In a significant stride toward revolutionising military Command and Control (C2) operations, the Defence Science and Technology Laboratory (DSTL) recently engaged in a groundbreaking two-day workshop led by the Machine Speed Command and Control (MSC2) project.
The workshop, orchestrated by MSC2 partner Cambridge Consultants, delved into the realm of artificial intelligence (AI) and its potential to reshape C2 dynamics. The event not only showcased innovative AI applications but also demonstrated the captivating power of commercial gaming technologies in enhancing strategic decision-making.
The focal point of the workshop was the creation of ‘banana classifiers’, a simple yet ingenious AI tool devised to classify the ripeness of bananas from photographs. While seemingly unrelated to military affairs, this exercise served as an effective mechanism for participants from diverse industries to build a unified comprehension of AI’s opportunities and challenges. Through hands-on experience, the workshop highlighted the transformative potential of AI across a multitude of sectors.
Practical exercises formed the core of the workshop, with a notable emphasis on incorporating commercial gaming technologies. The MSC2 project uniquely harnessed gaming as a vehicle to demonstrate novel AI approaches to C2.
The engagement centred around the popular commercial game StarCraft II, renowned in both academia and industry for its AI research capabilities. Notably, the game’s complex programming interface and robust esports community provided a wealth of human-generated data, enabling an unprecedented exploration of AI applications.
StarCraft II catapulted into the global spotlight in 2019 when DeepMind’s AlphaStar AI achieved the remarkable feat of outperforming a majority of professional human players. The victory marked a watershed moment in AI history, surpassing previous milestones in games such as Chess and Go. The MSC2 project seized upon this landmark achievement, employing StarCraft II as a testing ground for AI’s potential to bolster military C2 operations.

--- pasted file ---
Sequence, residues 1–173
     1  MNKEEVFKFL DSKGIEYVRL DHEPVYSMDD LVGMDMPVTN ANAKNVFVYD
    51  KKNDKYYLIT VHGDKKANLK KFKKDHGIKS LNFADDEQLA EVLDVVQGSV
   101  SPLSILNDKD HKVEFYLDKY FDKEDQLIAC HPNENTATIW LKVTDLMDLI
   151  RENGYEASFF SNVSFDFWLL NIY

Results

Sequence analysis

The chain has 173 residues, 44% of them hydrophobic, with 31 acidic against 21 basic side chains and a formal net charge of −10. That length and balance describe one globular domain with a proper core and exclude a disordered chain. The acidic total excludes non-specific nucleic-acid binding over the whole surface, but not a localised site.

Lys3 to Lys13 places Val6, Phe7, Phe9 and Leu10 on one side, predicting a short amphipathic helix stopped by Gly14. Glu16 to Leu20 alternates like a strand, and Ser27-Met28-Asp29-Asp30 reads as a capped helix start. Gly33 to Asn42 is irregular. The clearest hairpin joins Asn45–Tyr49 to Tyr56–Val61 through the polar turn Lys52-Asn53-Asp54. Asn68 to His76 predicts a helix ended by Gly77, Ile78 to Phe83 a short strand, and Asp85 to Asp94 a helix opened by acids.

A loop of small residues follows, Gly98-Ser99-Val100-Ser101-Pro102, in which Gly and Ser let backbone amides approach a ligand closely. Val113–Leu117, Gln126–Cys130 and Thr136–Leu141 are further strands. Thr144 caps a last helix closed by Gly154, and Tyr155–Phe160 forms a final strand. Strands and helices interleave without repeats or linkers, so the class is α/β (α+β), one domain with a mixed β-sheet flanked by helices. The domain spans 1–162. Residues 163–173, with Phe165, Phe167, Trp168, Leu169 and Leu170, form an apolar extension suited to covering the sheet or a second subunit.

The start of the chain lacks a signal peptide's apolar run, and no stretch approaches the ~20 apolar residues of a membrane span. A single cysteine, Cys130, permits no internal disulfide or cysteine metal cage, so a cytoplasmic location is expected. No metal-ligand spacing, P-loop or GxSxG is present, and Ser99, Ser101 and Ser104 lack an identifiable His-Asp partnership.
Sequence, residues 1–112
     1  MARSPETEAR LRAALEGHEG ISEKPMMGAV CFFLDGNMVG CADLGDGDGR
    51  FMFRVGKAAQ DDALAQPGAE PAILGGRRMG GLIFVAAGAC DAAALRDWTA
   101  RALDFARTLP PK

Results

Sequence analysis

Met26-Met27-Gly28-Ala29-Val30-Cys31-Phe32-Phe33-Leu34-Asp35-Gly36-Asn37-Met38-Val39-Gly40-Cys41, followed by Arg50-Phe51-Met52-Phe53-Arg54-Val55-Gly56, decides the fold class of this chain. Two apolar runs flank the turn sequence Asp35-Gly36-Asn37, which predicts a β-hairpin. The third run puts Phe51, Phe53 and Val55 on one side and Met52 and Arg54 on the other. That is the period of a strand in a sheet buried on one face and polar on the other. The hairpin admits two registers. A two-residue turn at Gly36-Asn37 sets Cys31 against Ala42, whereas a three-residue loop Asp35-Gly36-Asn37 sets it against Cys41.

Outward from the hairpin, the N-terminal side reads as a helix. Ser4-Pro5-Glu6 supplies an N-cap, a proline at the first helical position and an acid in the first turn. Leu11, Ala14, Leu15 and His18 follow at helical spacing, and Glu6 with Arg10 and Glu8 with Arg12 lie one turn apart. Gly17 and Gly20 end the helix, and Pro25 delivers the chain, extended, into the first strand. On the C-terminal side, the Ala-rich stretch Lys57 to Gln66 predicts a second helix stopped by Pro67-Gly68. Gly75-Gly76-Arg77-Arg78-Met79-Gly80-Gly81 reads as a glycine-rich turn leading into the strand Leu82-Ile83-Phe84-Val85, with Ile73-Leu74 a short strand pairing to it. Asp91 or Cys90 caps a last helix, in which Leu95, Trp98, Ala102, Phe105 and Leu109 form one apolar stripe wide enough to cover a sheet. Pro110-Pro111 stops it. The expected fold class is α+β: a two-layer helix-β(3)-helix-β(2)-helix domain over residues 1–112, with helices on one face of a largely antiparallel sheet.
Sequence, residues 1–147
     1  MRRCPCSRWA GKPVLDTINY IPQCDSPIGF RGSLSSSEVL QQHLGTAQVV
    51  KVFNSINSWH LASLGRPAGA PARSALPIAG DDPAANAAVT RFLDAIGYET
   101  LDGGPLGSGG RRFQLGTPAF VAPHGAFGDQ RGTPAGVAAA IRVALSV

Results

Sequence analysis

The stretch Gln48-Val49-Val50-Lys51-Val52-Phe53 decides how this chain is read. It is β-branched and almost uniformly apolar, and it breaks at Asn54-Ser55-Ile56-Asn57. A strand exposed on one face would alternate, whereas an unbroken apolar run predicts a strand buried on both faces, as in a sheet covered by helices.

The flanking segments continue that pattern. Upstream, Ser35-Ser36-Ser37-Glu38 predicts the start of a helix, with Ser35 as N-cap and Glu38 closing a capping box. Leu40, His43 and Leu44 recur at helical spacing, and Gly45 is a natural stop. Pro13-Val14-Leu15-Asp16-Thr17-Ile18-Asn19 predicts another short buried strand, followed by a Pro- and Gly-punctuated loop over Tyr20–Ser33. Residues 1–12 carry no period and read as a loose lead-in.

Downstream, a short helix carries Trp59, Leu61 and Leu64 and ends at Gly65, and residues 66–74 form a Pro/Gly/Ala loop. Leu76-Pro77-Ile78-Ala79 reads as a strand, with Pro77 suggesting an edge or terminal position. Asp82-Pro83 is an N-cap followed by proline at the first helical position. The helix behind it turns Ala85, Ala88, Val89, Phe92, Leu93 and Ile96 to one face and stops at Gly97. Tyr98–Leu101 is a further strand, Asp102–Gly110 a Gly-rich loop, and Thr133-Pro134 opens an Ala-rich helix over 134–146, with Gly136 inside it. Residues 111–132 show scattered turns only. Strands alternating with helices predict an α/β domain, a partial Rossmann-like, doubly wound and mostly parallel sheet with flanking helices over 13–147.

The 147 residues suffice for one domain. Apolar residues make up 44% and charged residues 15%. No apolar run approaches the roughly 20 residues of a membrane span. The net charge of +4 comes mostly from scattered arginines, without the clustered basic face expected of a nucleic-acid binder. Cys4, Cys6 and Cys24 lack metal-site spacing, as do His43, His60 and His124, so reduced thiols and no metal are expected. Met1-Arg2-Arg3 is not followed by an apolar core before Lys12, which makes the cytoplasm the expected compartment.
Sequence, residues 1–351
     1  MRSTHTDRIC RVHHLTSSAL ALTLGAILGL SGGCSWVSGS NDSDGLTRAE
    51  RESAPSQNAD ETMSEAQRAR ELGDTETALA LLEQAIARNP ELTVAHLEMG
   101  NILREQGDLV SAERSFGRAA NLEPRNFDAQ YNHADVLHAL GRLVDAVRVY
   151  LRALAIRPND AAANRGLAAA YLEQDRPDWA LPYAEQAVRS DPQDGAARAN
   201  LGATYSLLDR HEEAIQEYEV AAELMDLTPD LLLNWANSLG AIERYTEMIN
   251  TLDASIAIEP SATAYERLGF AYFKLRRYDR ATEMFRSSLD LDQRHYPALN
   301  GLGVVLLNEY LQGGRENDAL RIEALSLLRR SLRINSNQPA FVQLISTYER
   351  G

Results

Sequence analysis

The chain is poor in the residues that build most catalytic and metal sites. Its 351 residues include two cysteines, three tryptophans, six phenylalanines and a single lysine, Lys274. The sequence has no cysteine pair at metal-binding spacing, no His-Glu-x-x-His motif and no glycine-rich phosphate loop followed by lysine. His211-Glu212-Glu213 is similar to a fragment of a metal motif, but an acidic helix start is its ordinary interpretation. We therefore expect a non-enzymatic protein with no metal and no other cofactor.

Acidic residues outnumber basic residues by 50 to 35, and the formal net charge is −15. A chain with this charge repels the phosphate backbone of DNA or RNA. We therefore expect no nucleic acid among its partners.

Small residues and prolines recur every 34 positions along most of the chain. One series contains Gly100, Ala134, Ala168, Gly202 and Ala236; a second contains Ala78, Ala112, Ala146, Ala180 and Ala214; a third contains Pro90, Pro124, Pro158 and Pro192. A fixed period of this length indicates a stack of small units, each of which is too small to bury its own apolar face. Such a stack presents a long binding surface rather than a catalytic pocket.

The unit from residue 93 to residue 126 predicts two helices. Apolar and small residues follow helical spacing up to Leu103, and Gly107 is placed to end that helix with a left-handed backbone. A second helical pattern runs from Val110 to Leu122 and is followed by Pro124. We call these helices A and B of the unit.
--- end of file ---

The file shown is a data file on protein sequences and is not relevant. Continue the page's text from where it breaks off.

Dr Stephen Helsdon, DSTL’s technical authority for the MSC2 project, elaborated on the significance of the endeavour, stating: “The MSC2 project has been running for about 2 years now. This line of work has shown that we can relate AI in games like StarCraft II to military C2-like problems. These games allow us to investigate adversarial scenarios based on incomplete and uncertain information.”
Helsdon continued: “Our AI enables the user to predict the location and type of red forces in real-time based on incomplete data about the battlespace and shines a light through the fog of war. It empowers the user to understand the thinking of the AI by explaining how it produces its predictions and so the trust between the human and the AI is advanced to a higher level.”
The integration of AI in gaming scenarios holds remarkable promise for military operations. The MSC2 project envisions an AI-driven Command and Control framework that empowers military strategists with real-time insights, enabling them to adapt swiftly to dynamic situations. By leveraging AI to predict and analyse adversaries’ movements, the project aims to equip military forces with an unparalleled advantage.
Additionally, the workshop raised pertinent technical queries, spurring further investigations into the realms of live human-AI interaction and strategic inference based on observed behaviours. The integration of these elements promises to deepen the understanding of AI’s role in C2, enhancing the synergy between human decision-makers and their AI counterparts.
The MSC2 project’s strides extend beyond the confines of the workshop. The insights garnered from the StarCraft II experiments are being projected onto an international stage through Dstl’s International Research Collaborations. Collaborative efforts are underway to harness AI’s potential for multinational C2 support, further solidifying the project’s global impact.
Dr Helsdon further stated: “Going forward, this gaming-centric research will continue with a focus on better-explaining aspects of live human-AI interaction. It will also look at inferring strategy based on observed behaviours. The workshop itself generated a number of interesting technical questions which we will follow up.”
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